Related: What's a Good GPU Temperature Range?

The Radeon 9700 Pro symbolized ATI's intention to be a contender in the high-end graphics card market---a position it solidified over the years as it continued to innovate and compete with the likes of NVIDIA. The card's success helped establish ATI (and later, AMD) as a worthy competitor in the GPU market, setting the stage for a fierce rivalry that would drive innovation for years to come.

This era is also notable as the first (and last) time I fell for the "halo" card trap. The 9700 Pro was so hyped that I would do anything to have a little taste of it. Unfortunately, that taste was the Radeon 9200 SE, which was such an awful card that I traded it for the almost-but-not-quite as bad GeForce 5200 FX.

Related: The RTX 4090 Is a Great GPU. Here's Why No One Should Buy It

NVIDIA GeForce 6800 Ultra (2004)

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6800 Ultra GeForce
VGA Museum

NVIDIA swung back with the GeForce 6800 Ultra in 2004. This beastly (for the time) card was the first to support Shader Model 3.0 and High Dynamic Range (HDR) rendering. Additionally, the 6800 Ultra offered tremendous forward compatibility, ensuring that it could handle games and applications that emerged years after its release. Its robust feature set and longevity made it a favorite among enthusiasts.

Powering these features was the NV40 architecture, a technological marvel in its own right. This architecture housed 222 million transistors, more than twice the number found in the Radeon 9700 Pro. Additionally, the 6800 Ultra was outfitted with an impressive 16-pixel pipelines and 6 vertex shaders, ensuring that it had the raw power to handle the most demanding games of the time and future titles.

While the X800XT cards often beat the 6800 Ultra in pure performance, it was the promised future-proofing that made this card special. Whether this actually panned out for buyers is debatable, but what makes this so influential is that today you don't really expect to be locked out of new games on old GPU because of features, but rather a lack of performance. You can still play modern games on cards that are several generations old, frame rate aside.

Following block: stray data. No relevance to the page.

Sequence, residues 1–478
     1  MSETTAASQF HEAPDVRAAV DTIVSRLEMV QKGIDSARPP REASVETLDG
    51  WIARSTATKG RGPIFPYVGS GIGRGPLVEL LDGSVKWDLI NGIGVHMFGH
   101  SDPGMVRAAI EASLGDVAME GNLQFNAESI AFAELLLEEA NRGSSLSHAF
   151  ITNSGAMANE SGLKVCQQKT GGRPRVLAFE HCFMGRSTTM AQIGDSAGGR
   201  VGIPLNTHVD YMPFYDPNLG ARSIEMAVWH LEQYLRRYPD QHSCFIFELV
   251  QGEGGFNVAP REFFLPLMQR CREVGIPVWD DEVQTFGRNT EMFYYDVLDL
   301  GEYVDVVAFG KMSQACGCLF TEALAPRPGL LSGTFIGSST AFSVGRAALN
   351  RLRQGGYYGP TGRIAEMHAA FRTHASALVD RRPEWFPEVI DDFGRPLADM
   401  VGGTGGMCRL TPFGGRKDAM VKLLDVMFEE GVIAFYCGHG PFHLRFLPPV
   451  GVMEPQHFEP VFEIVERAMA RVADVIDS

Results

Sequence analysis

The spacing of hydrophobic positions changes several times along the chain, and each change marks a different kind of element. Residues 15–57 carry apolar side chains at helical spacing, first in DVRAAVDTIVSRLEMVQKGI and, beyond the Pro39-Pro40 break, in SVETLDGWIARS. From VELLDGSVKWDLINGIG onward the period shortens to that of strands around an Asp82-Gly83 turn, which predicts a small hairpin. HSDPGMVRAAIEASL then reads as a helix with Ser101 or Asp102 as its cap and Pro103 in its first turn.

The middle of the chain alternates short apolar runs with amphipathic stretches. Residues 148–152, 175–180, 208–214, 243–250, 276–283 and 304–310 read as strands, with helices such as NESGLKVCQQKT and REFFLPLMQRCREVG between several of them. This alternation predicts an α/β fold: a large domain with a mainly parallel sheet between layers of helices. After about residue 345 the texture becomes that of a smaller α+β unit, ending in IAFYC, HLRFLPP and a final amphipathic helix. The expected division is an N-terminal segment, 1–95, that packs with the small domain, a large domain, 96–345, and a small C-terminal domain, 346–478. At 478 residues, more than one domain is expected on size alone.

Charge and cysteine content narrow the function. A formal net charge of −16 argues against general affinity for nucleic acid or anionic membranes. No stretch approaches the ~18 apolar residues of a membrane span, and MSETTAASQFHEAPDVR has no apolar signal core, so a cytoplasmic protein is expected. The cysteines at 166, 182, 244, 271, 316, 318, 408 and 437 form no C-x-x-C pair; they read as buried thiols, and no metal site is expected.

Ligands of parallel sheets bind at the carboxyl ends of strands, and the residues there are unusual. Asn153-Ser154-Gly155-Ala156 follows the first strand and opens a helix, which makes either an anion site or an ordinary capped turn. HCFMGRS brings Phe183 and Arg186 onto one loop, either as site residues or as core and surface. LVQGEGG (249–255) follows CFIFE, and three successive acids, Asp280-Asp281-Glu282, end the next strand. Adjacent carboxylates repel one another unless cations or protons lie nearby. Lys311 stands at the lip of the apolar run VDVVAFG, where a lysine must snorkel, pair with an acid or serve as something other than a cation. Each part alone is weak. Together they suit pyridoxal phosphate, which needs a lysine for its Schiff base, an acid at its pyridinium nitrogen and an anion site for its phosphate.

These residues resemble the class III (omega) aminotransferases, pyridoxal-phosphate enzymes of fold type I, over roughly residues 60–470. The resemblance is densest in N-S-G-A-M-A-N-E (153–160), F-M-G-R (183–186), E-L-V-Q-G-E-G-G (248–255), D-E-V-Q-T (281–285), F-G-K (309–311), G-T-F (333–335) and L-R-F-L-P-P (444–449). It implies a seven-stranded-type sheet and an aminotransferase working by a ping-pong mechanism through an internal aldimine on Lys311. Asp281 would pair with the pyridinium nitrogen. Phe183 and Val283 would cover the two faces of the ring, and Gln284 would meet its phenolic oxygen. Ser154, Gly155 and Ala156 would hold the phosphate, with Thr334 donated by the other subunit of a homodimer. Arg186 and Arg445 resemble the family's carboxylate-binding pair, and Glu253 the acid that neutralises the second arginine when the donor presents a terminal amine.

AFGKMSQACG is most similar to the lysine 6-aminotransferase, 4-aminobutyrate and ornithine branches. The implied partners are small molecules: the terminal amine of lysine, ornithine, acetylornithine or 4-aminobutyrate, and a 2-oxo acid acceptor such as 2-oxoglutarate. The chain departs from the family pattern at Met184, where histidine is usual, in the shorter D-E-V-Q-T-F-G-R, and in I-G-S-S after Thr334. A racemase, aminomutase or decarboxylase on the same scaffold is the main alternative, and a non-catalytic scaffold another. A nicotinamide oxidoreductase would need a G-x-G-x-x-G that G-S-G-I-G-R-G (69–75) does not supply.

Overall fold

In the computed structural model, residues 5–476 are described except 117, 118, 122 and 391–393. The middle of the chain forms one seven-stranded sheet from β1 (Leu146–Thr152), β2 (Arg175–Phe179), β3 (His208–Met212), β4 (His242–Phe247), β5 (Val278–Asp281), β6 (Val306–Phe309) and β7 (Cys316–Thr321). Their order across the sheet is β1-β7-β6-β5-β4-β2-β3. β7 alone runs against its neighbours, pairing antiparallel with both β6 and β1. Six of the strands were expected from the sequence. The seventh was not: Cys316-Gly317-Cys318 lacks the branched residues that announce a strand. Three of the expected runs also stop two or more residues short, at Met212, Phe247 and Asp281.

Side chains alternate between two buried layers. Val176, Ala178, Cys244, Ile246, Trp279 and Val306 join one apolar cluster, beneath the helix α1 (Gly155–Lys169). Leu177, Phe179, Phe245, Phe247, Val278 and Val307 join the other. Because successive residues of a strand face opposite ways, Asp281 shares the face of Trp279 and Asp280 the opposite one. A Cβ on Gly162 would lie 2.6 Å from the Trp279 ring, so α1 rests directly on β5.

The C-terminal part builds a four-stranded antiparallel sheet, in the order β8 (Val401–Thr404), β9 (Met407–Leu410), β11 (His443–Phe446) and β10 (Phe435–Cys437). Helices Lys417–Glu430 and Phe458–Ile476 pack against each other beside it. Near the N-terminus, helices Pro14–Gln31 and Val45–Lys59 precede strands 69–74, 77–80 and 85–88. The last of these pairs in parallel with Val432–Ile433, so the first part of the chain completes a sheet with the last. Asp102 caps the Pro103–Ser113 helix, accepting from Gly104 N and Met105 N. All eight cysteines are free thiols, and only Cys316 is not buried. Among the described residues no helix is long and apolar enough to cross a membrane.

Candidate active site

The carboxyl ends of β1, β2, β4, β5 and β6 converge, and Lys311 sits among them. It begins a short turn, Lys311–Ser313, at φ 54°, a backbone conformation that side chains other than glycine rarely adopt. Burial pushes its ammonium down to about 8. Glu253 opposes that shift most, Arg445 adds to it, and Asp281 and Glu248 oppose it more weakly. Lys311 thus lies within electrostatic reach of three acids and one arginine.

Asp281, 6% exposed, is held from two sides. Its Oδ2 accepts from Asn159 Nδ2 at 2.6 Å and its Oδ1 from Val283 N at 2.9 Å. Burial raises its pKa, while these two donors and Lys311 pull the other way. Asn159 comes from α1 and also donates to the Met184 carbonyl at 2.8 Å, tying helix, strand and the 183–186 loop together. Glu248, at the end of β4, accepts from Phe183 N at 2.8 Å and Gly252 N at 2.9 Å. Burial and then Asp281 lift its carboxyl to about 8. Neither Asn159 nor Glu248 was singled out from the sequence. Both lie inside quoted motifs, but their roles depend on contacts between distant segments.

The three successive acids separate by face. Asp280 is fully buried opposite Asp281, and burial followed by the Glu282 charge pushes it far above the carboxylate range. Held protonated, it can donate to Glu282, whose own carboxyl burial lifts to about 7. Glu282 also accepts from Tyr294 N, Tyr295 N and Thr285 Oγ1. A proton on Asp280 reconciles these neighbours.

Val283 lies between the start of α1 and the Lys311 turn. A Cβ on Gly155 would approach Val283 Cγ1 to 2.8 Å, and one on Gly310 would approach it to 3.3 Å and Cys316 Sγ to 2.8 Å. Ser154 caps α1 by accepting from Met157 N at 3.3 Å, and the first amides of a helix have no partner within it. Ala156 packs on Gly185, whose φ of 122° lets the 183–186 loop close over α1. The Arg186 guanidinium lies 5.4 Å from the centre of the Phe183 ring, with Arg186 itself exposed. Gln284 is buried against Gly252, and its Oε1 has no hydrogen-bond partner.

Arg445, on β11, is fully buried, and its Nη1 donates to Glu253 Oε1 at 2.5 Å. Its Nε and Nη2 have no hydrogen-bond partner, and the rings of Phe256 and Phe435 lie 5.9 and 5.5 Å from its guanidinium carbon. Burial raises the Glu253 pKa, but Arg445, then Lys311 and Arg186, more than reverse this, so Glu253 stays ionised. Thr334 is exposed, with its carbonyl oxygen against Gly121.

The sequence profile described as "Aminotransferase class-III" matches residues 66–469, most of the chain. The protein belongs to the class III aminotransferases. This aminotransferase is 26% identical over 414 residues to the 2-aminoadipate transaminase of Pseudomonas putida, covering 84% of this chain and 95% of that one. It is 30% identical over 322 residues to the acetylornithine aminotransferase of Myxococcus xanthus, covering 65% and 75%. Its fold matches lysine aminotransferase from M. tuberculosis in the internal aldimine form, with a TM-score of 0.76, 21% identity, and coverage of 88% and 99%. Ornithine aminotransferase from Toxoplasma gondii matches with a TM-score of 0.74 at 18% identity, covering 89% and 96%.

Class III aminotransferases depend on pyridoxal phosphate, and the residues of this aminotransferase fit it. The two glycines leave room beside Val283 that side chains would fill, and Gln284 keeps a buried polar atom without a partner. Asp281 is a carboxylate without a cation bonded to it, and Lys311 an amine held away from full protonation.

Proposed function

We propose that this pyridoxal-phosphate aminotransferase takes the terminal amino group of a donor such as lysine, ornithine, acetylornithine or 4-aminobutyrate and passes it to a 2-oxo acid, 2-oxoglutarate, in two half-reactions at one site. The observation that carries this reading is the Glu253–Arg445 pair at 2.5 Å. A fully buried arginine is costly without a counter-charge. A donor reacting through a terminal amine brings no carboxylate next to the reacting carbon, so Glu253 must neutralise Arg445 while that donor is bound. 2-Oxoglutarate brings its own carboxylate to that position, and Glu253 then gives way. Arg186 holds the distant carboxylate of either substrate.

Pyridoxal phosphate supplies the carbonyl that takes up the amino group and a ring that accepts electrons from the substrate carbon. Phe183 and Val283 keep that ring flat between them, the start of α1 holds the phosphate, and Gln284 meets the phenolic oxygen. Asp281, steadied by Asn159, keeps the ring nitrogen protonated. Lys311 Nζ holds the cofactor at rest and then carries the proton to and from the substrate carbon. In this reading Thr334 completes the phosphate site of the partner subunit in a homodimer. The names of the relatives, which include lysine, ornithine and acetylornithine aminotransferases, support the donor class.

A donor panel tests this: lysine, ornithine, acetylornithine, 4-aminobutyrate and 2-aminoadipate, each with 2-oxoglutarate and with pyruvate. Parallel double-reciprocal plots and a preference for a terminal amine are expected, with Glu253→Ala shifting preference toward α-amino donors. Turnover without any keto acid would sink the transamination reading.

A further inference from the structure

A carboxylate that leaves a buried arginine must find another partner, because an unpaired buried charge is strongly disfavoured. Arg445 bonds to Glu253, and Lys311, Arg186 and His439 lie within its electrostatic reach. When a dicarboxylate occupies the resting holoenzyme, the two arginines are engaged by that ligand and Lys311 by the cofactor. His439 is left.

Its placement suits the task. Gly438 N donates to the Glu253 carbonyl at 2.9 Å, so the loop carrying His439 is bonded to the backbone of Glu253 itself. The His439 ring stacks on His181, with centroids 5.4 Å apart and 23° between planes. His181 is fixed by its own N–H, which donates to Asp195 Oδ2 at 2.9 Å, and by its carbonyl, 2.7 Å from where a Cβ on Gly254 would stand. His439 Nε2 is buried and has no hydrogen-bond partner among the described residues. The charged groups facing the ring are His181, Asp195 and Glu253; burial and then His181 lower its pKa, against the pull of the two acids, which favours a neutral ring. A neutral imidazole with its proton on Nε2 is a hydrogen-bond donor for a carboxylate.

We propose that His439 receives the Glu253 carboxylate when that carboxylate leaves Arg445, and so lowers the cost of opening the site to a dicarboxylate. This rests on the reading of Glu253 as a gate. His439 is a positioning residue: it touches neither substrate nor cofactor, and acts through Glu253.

The actual card I bought during this era was the GeForce 6600 AGP. I couldn't even afford the GT model, but having those new features supported meant that I could play Half-Life 2 and Doom 3, which was literally impossible on older cards that did not support the API features those games needed.

NVIDIA GeForce 8800 GT (2007)

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8800 GT
VGA Museum

The GeForce 8800 GT is a classic example of NVIDIA at its best. It introduced DirectX 10 support and came with the revolutionary unified shader architecture, which meant it could adjust how it allocated resources based on workload. This allowed for more efficient operation and better performance. For many, the 8800 GT represented the sweet spot in terms of price and performance, making high-end gaming more accessible.

The GeForce 8800 GT represented the pinnacle of NVIDIA's G80 architecture, leveraging its innovative unified shader model to great effect. Unlike previous designs where pixel shaders and vertex shaders were separate entities, the 8800 GT's 112 Stream Processors handled both types of shading. This resulted in more efficient processing and increased performance.

On a personal note, the 8800GT is the best graphics card I have ever bought. It changed the game completely. I had mistakenly bought the awful 8600 GT, thinking that, like before, this would be the mid-range king, but games like Oblivion and the first Witcher games were near unplayable. When I first saw the benchmarks for the 8800GT I could not believe the price, but after buying the cheapest model I could find, it was all true. Best of all, this card lasted throughout the entire PS3 and Xbox 360 generation, by being solidly ahead of those systems technologically and therefore smashing any multiplatform games that had PC ports. Good times!